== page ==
The phrases “search engine optimizaton” and “rankings” have gone hand in hand since the start of the search marketing industry. Agencies have gone so far as to use “rankings” as part of their name such as Jill Whalen’s High Rankings, David Wallace’s “Search Rank” and of course, our company “TopRank”.
With the advent of personalization and impending changes with the interface of search results, the notion of ranking seems to be on it’s way out. In the past 3-4 years, most SEO consulting firms have been focusing on traffic and especially the past 2-3 years on conversions. Standard search engine rankings as a proxy to sales will become irrelevant, especially as other channels of search have emerged in popularity.
If you consider all the traffic opportunities from news search, blog search, social media as well as stand alone image, video and audio search, there’s a lot of accountability left on the table when not considering all the possible sources of web site visitors. “Ranking Reports” only document web page positions on standard search engines. This logically leads to the need for better metrics and reporting overall, but that will have to wait for another post.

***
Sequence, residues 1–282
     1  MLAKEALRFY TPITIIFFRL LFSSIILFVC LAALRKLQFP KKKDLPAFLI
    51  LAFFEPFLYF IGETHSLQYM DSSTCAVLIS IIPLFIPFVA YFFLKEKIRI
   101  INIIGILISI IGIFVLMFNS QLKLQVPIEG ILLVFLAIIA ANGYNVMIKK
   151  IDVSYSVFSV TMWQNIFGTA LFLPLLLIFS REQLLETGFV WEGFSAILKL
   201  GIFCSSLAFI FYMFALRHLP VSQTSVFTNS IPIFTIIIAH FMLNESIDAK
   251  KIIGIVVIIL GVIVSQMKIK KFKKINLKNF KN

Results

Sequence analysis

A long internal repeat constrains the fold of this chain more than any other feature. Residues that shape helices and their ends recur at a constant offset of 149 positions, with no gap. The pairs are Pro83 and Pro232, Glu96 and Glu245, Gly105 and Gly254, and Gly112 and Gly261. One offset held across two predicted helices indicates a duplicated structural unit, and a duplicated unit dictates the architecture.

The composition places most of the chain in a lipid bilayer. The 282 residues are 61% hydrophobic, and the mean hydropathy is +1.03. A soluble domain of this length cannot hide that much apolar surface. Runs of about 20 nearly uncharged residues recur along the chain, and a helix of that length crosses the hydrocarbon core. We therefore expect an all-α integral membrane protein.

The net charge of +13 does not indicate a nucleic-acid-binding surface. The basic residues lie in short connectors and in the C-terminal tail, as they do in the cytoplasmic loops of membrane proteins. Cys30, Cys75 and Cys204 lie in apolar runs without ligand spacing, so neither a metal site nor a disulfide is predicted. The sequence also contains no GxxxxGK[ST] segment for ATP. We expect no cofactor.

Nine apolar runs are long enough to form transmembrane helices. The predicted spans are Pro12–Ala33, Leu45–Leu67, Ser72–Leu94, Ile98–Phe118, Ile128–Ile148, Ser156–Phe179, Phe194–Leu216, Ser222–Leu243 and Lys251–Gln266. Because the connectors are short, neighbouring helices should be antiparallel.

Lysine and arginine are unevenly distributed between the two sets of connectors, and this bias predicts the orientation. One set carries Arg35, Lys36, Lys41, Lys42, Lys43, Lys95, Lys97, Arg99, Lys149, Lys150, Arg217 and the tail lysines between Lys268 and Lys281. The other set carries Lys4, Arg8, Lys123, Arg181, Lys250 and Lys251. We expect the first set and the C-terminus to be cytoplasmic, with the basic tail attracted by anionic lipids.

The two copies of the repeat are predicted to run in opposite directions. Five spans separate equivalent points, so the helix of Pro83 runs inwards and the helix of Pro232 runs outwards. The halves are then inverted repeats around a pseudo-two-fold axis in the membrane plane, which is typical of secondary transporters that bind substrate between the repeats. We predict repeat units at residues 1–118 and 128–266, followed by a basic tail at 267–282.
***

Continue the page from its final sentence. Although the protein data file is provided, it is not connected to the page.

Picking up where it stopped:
Even reputable, leading search marketing agencies continue to perpetuate the myth of rankings. At a recent conference I attended, a speaker from a very large search engine optimization company reported that one of the primary reporting tools they use for SEO was WebPositionGold. I was really surprised to hear that and even more surprised to hear him say it to a room full of marketers.
We don’t use WPG in our SEO firm, but used to from 1998 – 2003. The only thing WPG is good for, as far as I’m concerned, is standard search engine ranking reports. However, it doesn’t report visibility in other online channels. Besides a ranking reporting tool, it offers other features such as web page analysis for “automatic SEO” and ties into WordTracker for keyword research. Good luck with that if you have more than a 10 page mom and pop web site. If WPG is the main or only SEO reporting tool used, then that large company is under serving their clients.
Do ranking reports with standard search engines provide any insight? For now, they do offer some value, but marketers would do well to further focus on visitor engagement and corresponding metrics. When the day comes that Google uses personalized search results across the board, everyone using Google will likely see something different when searching on the same phrase. What good would a ranking report do then?